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Math Help - Reflections and Reflection Groups - Basic Geometry

  1. #1
    Super Member Bernhard's Avatar
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    Reflections and Reflection Groups - Basic Geometry

    I am reading Kane's book on Reflections and Reflection Groups and am having difficulties with some basic geometric notions - see attachment Kane paes 6-7.

    On page 6 in section 1-1 Reflections and Reflection Groups (see attachment) we read:

    " We can define reflections either with respect to hyperplanes or vectors. First of all, given a hyperplane  H \subset E through the origin, let L = the line through the origin that is orthogonal to H. So  E = H \oplus L "

    My question is why/how is  E = H \oplus L ???

    Can anyone help?

    (see my intuitive diagrams - my notion of  H \oplus L is a line going through a plane)

    Maybe I need to read some basic differential geometry?

    Peter
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    Re: Reflections and Reflection Groups - Basic Geometry

    this has nothing to do with differential geometry (we're not considering differentiability of anything). where you're going wrong is in thinking about which direction L is going. L is perpendicular to the hyperplane H, in physics, one often hears the term "normal vector (at 0)" to describe L. in other words, L is coming "straight up" (perpendicular) out of the plane. for example, if H was the xy-plane in euclidean 3-space, then L would be the z-axis.

    Plane + perpendicular line = 3-space.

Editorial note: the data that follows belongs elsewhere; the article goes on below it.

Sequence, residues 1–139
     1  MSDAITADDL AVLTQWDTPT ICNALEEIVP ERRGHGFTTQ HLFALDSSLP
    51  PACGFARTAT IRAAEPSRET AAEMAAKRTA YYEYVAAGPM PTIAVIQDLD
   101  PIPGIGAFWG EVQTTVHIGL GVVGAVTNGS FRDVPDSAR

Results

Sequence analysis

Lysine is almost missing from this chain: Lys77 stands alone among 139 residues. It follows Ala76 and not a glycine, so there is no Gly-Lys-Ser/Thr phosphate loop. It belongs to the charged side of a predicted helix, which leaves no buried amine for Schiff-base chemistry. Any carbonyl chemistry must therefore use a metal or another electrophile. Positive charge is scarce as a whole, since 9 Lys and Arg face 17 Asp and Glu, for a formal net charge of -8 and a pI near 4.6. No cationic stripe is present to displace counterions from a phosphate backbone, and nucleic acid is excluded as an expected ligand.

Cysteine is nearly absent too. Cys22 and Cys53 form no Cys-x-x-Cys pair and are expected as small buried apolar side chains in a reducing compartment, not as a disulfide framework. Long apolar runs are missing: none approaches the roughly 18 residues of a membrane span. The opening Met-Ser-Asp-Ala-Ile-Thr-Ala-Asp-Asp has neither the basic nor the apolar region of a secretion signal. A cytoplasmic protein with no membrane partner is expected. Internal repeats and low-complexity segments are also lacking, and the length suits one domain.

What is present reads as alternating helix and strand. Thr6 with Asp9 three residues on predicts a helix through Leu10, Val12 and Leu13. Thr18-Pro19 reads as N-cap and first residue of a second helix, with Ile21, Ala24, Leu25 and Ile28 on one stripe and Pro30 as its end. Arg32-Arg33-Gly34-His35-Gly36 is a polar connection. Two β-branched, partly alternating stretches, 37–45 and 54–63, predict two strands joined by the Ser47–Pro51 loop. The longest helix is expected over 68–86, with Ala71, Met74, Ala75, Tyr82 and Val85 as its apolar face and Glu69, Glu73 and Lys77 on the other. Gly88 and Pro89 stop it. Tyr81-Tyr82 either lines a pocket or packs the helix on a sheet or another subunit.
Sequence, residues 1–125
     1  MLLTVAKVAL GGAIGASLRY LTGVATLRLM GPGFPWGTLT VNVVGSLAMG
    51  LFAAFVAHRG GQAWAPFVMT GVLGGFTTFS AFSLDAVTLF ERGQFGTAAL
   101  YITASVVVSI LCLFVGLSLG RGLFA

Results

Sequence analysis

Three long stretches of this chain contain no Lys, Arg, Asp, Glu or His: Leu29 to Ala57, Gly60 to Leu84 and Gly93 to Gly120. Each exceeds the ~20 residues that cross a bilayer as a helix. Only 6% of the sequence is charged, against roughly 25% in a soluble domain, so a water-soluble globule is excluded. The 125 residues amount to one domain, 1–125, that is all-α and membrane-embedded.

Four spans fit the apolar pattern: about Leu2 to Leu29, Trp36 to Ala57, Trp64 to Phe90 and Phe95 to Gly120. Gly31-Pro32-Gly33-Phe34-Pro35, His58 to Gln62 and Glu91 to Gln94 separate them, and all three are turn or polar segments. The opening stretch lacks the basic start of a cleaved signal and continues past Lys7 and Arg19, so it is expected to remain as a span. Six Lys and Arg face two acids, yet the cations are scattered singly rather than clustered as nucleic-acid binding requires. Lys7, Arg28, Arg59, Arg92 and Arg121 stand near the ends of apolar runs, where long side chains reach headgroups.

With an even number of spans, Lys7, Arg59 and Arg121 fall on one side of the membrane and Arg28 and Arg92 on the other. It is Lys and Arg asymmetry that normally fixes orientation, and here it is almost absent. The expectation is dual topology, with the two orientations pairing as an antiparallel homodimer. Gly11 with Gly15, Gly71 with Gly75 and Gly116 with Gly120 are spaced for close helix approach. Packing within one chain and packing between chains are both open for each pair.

actually, we could use ANY line, not lying in the plane H but then we lose orthogonality. and orthogonality makes the arithmetic easier (it makes our basis for V look like the standard basis "rotated" to line up with H and L).

    in other words, one way to describe a point in 3-space, is to pick a point in a plane (any plane will do, imagine it being the xy-plane "tilted" by some amount), and to pick a distance "up off the plane" (how far along the line L we've come).

    Reflections and Reflection Groups - Basic Geometry-hyperplane.jpg
    Thanks from Bernhard and mash
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    Super Member Bernhard's Avatar
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    Re: Reflections and Reflection Groups - Basic Geometry

    Yes, take your point re differential geometry - my comment was rather careless ... was thinking that a differential geometry text may cover some of this in the preamble to winding into the subject ... but I suppose an algebra text covering vector spaces would be more likely to help!

    Thanks for help around this roadblock ... not quite sure why I did not see it ...


    Can now take Reflections and Refection Groups a bit further thanks to your help

    Peter
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